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A new life for the Old Forge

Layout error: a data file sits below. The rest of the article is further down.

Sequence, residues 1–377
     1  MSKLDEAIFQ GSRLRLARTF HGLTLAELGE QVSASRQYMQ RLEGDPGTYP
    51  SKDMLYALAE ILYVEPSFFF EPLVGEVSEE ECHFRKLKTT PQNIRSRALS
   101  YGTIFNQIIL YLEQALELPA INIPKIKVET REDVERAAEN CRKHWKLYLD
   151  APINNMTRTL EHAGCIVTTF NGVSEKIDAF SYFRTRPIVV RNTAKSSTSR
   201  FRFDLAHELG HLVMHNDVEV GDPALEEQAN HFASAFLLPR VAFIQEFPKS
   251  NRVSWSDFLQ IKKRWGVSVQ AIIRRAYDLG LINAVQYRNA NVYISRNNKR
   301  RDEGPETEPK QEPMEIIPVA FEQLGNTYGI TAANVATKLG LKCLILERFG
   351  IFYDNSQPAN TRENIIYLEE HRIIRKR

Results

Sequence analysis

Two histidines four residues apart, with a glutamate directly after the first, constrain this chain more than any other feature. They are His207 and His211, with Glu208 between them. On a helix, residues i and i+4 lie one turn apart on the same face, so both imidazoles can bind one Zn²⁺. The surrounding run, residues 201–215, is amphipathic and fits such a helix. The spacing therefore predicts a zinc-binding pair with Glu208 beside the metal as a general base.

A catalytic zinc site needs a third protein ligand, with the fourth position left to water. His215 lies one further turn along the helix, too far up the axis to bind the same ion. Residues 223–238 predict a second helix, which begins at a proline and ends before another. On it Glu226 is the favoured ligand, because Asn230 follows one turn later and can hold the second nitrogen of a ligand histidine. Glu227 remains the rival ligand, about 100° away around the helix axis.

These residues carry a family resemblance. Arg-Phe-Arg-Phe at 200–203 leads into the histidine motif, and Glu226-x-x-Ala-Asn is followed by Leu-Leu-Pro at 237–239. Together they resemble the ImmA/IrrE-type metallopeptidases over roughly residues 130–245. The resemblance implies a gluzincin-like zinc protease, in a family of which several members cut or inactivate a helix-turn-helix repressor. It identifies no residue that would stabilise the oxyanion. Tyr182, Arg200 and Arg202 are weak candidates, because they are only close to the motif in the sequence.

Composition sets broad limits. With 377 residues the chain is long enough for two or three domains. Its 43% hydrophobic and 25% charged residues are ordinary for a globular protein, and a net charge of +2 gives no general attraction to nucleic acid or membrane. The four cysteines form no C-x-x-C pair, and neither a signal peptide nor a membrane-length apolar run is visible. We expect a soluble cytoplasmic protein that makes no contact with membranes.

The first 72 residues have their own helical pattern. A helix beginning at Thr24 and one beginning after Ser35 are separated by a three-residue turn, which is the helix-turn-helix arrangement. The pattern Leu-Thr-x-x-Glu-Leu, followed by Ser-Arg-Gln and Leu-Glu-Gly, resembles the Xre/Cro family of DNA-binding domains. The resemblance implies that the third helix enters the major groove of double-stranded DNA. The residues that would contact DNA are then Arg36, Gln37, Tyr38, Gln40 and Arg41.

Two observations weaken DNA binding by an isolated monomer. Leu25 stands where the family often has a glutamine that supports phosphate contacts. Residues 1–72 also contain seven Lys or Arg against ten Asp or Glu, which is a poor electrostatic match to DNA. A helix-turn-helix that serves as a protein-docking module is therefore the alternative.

Although it is a long journey – over five hours from Glasgow, on hard, uncomfortable seats – the views make up for the discomfort. Finally arriving in the early afternoon at Mallaig station, the end of the line, I only have to cross the road, turn right at the Co-op and I’m on the pier for the ferry to Inverie. The ferry trip is worth the money if you don’t even want to go to the Knoydart peninsula, just for the scenery and the sheer joy of travelling on this old wooden-hulled vessel. The cosy cabin is a delight and downstairs there is even a bar serving bottled beer – Corona for the locals and Isle of Skye for tourists. The ferry may seem charming to visitors, but for the locals it’s literally a lifeline. It transports food and goods and chattels of all kinds from and to the peninsula, at a reduced fare for residents, with freight charged for at a pound or so per bag-for-life.  The Skye Red is my first beer of the day, because I left Glasgow on the 8.25 am train. At that time even Wet

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